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Fighting COVID-19: Who is Eligible to Benefit from the CARES Act

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Small business owners and employees aren't the only ones to get new opportunities to take advantage of tax breaks included in a bipartisan coronavirus stimulus package recently passed by Congress. 

Commonly referred to as CARES ("The Coronavirus Aid, Relief, and Economic Security Act"), the bill provides more than $2 trillion in federal government support to companies large and small. It also includes additional unemployment benefits for those who've lost their jobs due to the coronavirus (COVID-19) pandemic and direct payments to many taxpayers. 

The act also provides retirees with some additional perks. While much of CARES is designed to help blunt the economic impact of the virus over the next several months, a provision also waives 2020 required minimum distributions (RMDs) for personal Individual Retirement Accounts (IRAs). It also applies to workplace retirement savings programs like 401(k)s and 403(b) plans. 

Here are some of the key elements of the CARES Act that taxpayers should consider as part of a holistic financial plan, which is available on a complimentary basis to every IFA client. 

Direct Stimulus Payments

As it stands now, single filers with 2019 adjusted gross incomes (AGIs) not exceeding $75,000 are set to receive a one-time $1,200 stimulus payment. 

From that point, such U.S. Treasury disbursements are set to drop by $5 for every $100 of income up to an eligibility limit of $99,000. Meanwhile, married couples who filed jointly with AGIs up to $150,000 are set to get twice that amount -- up to $2,400. Again, payments fall by $5 per every $100 of income with a cutoff point at $198,000 in 2019 joint income.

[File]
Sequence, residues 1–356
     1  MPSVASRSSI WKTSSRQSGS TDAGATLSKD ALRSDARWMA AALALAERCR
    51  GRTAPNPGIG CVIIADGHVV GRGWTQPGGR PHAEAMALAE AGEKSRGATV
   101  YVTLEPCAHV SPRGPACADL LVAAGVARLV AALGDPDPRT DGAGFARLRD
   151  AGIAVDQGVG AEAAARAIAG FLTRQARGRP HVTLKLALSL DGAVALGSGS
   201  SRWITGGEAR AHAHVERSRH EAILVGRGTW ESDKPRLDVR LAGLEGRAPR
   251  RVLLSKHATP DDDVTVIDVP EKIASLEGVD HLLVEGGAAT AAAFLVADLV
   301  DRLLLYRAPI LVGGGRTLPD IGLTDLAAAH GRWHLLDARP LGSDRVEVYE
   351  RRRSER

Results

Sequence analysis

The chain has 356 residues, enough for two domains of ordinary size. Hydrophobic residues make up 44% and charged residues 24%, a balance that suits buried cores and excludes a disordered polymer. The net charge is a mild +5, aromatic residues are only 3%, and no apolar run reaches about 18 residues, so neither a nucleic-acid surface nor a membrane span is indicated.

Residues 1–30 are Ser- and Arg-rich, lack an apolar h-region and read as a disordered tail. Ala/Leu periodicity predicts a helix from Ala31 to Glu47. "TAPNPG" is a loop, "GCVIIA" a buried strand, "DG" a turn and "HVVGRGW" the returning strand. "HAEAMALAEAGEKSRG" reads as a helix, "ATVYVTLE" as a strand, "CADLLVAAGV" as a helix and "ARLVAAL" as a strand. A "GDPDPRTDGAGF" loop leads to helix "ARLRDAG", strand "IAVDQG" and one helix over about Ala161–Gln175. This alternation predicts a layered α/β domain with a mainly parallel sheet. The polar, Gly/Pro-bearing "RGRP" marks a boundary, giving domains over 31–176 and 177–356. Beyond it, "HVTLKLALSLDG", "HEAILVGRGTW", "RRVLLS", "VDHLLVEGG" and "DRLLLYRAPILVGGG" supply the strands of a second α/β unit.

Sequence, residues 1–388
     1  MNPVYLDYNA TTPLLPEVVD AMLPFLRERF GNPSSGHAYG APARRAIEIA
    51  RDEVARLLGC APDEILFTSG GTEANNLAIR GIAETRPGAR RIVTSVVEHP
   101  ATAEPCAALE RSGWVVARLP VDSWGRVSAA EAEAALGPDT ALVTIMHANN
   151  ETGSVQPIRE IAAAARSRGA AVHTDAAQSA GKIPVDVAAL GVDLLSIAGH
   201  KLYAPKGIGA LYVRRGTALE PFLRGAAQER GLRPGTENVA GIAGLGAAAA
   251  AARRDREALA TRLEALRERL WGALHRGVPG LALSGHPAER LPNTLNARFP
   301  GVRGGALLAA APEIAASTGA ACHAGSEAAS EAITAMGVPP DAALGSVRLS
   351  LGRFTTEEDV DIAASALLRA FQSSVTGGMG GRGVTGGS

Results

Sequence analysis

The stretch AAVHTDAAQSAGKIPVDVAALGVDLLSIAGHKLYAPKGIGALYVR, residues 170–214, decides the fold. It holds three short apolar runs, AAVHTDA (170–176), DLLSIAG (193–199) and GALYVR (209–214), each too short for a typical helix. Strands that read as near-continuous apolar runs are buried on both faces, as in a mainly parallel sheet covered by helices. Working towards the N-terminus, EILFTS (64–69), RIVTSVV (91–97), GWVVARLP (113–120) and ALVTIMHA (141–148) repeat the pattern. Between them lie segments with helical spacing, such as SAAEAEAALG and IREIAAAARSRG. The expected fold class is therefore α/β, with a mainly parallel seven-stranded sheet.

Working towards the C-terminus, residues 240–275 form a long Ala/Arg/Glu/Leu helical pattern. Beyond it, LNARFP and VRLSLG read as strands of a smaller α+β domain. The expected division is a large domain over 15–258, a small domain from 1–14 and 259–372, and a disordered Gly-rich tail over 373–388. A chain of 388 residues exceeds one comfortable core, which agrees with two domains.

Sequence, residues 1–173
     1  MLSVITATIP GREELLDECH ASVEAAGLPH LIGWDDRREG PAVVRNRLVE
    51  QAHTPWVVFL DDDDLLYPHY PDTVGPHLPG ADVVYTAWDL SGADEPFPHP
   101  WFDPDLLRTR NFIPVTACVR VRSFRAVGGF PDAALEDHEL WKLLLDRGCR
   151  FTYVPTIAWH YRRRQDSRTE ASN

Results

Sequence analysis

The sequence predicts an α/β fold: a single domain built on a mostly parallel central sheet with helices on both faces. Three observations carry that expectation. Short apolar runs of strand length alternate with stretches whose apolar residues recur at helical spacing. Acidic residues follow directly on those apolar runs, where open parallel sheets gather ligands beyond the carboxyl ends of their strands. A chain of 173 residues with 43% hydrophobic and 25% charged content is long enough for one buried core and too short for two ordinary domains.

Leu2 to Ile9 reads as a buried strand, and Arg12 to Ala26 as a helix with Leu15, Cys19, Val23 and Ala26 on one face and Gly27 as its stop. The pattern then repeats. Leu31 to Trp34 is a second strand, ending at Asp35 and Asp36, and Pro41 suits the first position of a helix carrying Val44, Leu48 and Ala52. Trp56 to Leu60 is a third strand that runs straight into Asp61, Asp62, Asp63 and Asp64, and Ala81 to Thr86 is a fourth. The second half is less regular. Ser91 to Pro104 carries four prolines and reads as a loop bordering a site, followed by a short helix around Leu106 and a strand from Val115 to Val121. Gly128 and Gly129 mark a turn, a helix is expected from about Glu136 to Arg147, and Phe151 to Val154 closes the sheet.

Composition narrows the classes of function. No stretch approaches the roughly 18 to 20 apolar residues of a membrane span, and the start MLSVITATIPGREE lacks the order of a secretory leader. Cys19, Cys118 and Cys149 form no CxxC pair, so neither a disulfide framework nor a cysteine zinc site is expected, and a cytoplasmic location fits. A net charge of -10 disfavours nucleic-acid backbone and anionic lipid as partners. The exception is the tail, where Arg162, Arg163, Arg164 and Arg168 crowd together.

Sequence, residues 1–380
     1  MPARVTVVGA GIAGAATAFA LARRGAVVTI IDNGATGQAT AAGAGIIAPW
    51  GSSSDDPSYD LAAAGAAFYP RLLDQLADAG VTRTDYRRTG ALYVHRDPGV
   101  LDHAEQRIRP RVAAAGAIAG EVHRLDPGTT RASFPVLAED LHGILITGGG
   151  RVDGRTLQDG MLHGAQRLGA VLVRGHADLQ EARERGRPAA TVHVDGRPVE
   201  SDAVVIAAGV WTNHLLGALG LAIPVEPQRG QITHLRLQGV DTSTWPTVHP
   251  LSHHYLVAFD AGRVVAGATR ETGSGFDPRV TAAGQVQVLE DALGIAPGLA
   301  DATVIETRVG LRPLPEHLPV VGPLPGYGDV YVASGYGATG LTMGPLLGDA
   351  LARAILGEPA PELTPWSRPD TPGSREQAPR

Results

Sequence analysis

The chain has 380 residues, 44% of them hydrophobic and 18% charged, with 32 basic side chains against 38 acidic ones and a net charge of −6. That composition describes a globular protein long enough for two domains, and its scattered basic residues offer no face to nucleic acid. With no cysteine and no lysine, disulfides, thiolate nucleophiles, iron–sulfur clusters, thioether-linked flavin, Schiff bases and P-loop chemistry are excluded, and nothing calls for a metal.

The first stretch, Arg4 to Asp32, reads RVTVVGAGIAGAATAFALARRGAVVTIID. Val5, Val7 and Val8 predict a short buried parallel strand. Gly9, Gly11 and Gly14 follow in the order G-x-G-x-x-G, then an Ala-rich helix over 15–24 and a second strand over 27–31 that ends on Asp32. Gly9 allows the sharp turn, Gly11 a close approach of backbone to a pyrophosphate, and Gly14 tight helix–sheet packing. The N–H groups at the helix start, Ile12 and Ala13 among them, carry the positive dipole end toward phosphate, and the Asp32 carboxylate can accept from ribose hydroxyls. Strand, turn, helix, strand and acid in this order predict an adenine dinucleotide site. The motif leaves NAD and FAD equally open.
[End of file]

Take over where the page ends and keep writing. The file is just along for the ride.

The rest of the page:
A taxpayer who filed as a single head of household with 2019 AGIs of $112,500 or less is eligible under the act for a $1,200 stimulus check. Payments go down from there by $5 for every $100 of income before reaching a maximum level of $136,500.

Besides those checks, CARES provides for a payment of $500 per qualifying child who's 17 years old or younger. For specific details of this provision, however, we strongly recommend you consult a qualified tax professional such as a certified public accountant (CPA) or enrolled agent. 

For taxpayers who haven't filed their 2019 returns yet, officials will base eligibility on the previous year's filings. 

Required Minimum Distributions (RMDs)

Like in 2009 after the global financial crisis, taxpayers who were scheduled to take RMDs in 2020 will get a break from being required to make such distributions. 

The act makes skipping 2020 RMDs optional, though. For those living on a fixed-income and older than age 72, RMDs might still make sense in terms of maintaining a necessary stream of income to cover household budgeting needs. By not taking your RMDs, however, those assets can remain in your portfolio for future growth. This could be potentially beneficial to your longer-term investment strategy. 

For those who've suffered financial hardship as a result of the coronavirus outbreak, additional tax breaks are included in the act. Taxpayers aged 59 1/2 years and younger can take a distribution from a traditional IRA and/or qualified retirement plan account up to $100,000 in 2020 without being subject to a 10% excise tax. Although those distributions will be counted as income, taxes assessed on those distributions by the IRS can be spread over 2021 and 2022.